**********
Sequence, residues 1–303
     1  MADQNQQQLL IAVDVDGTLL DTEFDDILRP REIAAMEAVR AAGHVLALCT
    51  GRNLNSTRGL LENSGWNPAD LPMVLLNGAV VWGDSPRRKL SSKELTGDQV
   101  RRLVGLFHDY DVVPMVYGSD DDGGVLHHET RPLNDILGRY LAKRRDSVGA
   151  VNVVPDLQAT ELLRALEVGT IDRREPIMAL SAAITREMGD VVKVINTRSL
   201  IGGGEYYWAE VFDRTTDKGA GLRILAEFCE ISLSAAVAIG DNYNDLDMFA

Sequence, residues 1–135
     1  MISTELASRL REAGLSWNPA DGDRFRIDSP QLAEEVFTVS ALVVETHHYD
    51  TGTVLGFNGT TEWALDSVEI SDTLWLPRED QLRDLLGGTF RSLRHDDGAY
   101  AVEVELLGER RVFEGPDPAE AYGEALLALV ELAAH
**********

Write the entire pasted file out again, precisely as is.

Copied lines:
Sequence, residues 1–303
     1  MADQNQQQLL IAVDVDGTLL DTEFDDILRP REIAAMEAVR AAGHVLALCT
    51  GRNLNSTRGL LENSGWNPAD LPMVLLNGAV VWGDSPRRKL SSKELTGDQV
   101  RRLVGLFHDY DVVPMVYGSD DDGGVLHHET RPLNDILGRY LAKRRDSVGA
   151  VNVVPDLQAT ELLRALEVGT IDRREPIMAL SAAITREMGD VVKVINTRSL
   201  IGGGEYYWAE VFDRTTDKGA GLRILAEFCE ISLSAAVAIG DNYNDLDMFA

Sequence, residues 1–135
     1  MISTELASRL REAGLSWNPA DGDRFRIDSP QLAEEVFTVS ALVVETHHYD
    51  TGTVLGFNGT TEWALDSVEI SDTLWLPRED QLRDLLGGTF RSLRHDDGAY
   101  AVEVELLGER RVFEGPDPAE AYGEALLALV ELAAH